• Borrowing expenses, such as loan application or mortgage discharge fee
  • Advertising costs to find a buyer, seller or tenant
  • Valuation and termination fees
  • Professional services such as conveyancers, brokers, agents or accountants

Once you have your cost base, there are two methods you can use to calculate your capital gains tax – the discount and indexation methods. In most scenarios, you can choose to use the strategy that leads to the lowest capital gains tax.

Calculating CGT using the discount method

There are four steps involved when using the discount method to calculate your capital gains tax.

  1. Subtract the cost base from the sale proceeds. The amount you are left with is your gross capital gain.
  2. Deduct any eligible capital costs.
  3. Apply any eligible discounts. If you have owned your property for more than a year and are an Australian resident, you are eligible for a 50% discount on your capital gain. So, if your capital gain was $374,180, you would only be required to add $187,090 to your taxable income.
  4. This figure is your net capital gain and will be added to your taxable income.

Calculating CGT using the indexation method

You know how your parents used to say, “back in my day, that would have only cost me a sixpence!”? Well, the indexation method is based on similar logic.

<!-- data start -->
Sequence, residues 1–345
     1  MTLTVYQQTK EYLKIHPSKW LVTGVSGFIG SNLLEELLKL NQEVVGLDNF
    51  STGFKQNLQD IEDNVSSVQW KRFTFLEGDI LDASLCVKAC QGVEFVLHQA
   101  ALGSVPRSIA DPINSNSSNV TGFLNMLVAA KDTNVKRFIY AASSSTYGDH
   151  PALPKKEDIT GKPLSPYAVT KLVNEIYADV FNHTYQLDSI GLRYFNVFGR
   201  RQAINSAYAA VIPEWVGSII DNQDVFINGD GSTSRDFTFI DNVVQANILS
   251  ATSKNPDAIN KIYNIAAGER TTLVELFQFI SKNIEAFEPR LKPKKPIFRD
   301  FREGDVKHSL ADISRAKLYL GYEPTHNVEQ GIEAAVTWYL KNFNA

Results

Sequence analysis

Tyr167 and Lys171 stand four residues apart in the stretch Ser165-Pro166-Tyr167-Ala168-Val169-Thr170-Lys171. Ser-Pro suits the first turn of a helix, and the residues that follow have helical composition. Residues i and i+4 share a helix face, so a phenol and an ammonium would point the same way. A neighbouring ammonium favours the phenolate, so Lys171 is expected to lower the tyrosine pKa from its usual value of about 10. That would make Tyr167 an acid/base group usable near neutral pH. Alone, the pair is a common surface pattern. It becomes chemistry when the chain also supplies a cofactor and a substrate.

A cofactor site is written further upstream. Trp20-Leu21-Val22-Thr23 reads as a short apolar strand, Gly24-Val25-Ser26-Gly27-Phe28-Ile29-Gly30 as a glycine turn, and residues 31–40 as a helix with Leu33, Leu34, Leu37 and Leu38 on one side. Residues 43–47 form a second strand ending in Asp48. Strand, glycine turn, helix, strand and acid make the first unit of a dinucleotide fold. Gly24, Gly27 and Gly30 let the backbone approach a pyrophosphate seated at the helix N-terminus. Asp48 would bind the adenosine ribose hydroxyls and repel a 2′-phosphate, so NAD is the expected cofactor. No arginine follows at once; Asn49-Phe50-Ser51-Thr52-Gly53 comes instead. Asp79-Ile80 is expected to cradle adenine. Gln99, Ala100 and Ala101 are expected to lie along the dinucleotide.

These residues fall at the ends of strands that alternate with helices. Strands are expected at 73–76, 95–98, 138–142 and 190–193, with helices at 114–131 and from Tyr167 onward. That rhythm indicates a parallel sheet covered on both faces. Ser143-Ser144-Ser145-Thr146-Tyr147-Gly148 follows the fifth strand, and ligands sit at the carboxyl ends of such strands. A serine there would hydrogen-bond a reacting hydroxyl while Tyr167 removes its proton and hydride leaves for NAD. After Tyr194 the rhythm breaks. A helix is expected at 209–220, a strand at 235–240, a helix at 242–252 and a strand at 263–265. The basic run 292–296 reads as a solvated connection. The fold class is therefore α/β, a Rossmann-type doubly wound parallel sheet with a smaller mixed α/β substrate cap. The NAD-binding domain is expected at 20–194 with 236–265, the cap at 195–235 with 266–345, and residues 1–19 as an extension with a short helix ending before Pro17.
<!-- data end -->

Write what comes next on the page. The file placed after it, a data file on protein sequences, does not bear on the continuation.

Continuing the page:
It’s calculated by dividing the consumer price index (CPI) at the time you sold your property by the CPI at the time you bought the property, rounded to three decimal places. You would then add that number to your initial cost price to get your inflation-adjusted purchase price, then subtract that amount from your sale price. You can find a table of Australia’s historical CPI rates here.

Method Description Calculation
Less than 12-months
Property ownership is less than 12-months from the date of purchase. The most basic method of Capital Gains Tax (CGT) Sale price less cost.
Property ownership is greater than 12-months from the date of property purchase ownership costs. A 50% discount applies to property purchased after September 21, 1999, for individuals and 33.3% for super funds. The purchase price + sales price = net gain – any ownership costs.
Indexation $201,820  
Property ownership began after September 20, 1985, but before 11.45am (ACT time) September 21, 1999. The cost base increases by applying an indexation factor based on Consumer Price Index (CPI). marginal tax rate x indexation factor x capital gain.

Source: ATO

What's my borrowing power if I earn $ per year?

How are capital gains taxed?

One major misconception about the CGT is that it’s a separate tax to the one you pay at the time of your annual tax return. However, it’s simply added to your taxable income in the year you sold or disposed of the property, and paid as part of your income tax assessment.

The capital gains tax is ‘triggered’ by a CGT event. Generally, this occurs when you sell an asset, but it can also occur if it’s given away, destroyed or if you cease being an Australian resident.

What percentage is capital gains tax on property?